Christmas Bonfires – Construction

Christmas Bonfires – Construction

music
ambience: Bonfires on the Levee

This week, in preparation for one of New Orleans’ oldest traditions, families are joining forces to construct towering pyramids made of wood and wire. They’ll spend days building their wooden towers, and then — they’ll burn them down. I’m Jim Metzner, and this is the Pulse of the Planet.

Billy Bourgeois is a bonfire builder from Paulina, Louisiana.

My daddy started building bonfires and his daddy started building bonfires and I was building it since I been five years old. Now I’m starting to get my two young kids into it. One’s seven and one’s nine. We starting to build bonfires.

Bonfires are usually built from willow trees- a light and inexpensive wood that’s plentiful in this area. But, for maximum noise, most builders spike their bonfires with firecrackers and hollow reeds, which explode in the heat.

We put 32,000 fireworks in our bonfire with five truck rolls of cane reed. The cane reed is like a bamboo: when it builds up pressure, it pops like a firework. That’s the popping you’re hearing now. It’s still popping from the cane reed.

Before the advent of insurance, these New Orleans bonfires were built as high as 60 feet. These days, builders are limited to 20 foot pyres. But even putting up a 20 foot structure still takes the work of an entire family.

This is a family thing. My brothers, my cousins, we all help. We can build it in three or four days, we can build a bonfire- with a lot of work. We bring our family up here and light a fire and barbecue and last night we stayed until two in the morning. Just having our own Christmas eve party.

Please visit out website at pulseplanet.com Pulse of the Planet is presented by the National Science Foundation. I’m Jim Metzner.

Christmas Bonfires - Construction

Working together to build 20 foot pyres of wood and wire, a family near New Orleans celebrates Christmas eve.
Air Date:12/24/2013
Scientist:
Transcript:

Christmas Bonfires - Construction

music
ambience: Bonfires on the Levee

This week, in preparation for one of New Orleans' oldest traditions, families are joining forces to construct towering pyramids made of wood and wire. They'll spend days building their wooden towers, and then -- they'll burn them down. I'm Jim Metzner, and this is the Pulse of the Planet.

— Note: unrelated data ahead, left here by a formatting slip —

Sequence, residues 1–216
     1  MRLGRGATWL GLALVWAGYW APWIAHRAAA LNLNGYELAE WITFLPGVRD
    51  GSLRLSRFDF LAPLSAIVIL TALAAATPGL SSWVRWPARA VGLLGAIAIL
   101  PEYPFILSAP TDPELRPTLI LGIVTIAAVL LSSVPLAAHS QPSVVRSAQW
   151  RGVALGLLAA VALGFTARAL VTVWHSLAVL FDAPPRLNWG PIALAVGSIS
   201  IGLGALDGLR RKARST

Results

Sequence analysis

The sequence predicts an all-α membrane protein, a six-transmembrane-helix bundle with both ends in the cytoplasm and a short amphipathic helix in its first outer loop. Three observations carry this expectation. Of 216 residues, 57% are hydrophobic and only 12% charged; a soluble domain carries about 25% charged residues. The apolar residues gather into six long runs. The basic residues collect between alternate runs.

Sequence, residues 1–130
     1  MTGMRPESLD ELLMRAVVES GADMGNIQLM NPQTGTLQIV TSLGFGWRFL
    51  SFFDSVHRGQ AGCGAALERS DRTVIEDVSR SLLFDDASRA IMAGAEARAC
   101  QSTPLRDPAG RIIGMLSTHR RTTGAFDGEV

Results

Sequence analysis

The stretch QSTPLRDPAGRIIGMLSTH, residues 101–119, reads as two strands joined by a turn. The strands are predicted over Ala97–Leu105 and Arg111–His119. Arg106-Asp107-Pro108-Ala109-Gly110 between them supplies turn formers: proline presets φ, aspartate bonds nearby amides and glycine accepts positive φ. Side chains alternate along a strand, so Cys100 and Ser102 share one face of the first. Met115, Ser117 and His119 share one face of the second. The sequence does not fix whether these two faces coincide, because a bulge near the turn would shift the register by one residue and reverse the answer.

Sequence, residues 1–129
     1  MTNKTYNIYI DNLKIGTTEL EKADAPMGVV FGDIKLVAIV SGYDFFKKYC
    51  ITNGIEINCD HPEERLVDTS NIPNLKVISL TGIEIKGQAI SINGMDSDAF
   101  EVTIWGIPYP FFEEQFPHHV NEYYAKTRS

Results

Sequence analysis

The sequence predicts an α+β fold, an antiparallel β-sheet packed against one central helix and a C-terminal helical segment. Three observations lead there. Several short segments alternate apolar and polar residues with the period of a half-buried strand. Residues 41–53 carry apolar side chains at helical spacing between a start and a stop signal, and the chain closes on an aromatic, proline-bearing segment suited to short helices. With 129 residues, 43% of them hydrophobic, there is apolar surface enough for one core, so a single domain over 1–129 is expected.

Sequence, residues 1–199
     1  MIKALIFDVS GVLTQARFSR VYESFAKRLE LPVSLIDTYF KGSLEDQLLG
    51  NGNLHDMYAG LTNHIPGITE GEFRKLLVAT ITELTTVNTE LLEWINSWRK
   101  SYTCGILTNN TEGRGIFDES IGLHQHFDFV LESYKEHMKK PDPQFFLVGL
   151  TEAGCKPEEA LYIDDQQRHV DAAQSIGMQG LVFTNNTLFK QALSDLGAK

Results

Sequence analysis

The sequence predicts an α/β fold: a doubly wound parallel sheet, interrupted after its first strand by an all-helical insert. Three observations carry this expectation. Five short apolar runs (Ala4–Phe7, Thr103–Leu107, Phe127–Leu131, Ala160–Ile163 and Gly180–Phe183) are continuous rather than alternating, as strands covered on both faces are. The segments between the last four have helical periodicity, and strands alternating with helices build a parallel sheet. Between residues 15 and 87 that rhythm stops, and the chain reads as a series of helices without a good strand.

Billy Bourgeois is a bonfire builder from Paulina, Louisiana.

My daddy started building bonfires and his daddy started building bonfires and I was building it since I been five years old. Now I'm starting to get my two young kids into it. One's seven and one's nine. We starting to build bonfires.

Bonfires are usually built from willow trees- a light and inexpensive wood that's plentiful in this area. But, for maximum noise, most builders spike their bonfires with firecrackers and hollow reeds, which explode in the heat.

We put 32,000 fireworks in our bonfire with five truck rolls of cane reed. The cane reed is like a bamboo: when it builds up pressure, it pops like a firework. That's the popping you're hearing now. It's still popping from the cane reed.

Before the advent of insurance, these New Orleans bonfires were built as high as 60 feet. These days, builders are limited to 20 foot pyres. But even putting up a 20 foot structure still takes the work of an entire family.

This is a family thing. My brothers, my cousins, we all help. We can build it in three or four days, we can build a bonfire- with a lot of work. We bring our family up here and light a fire and barbecue and last night we stayed until two in the morning. Just having our own Christmas eve party.

Please visit out website at pulseplanet.com Pulse of the Planet is presented by the National Science Foundation. I'm Jim Metzner.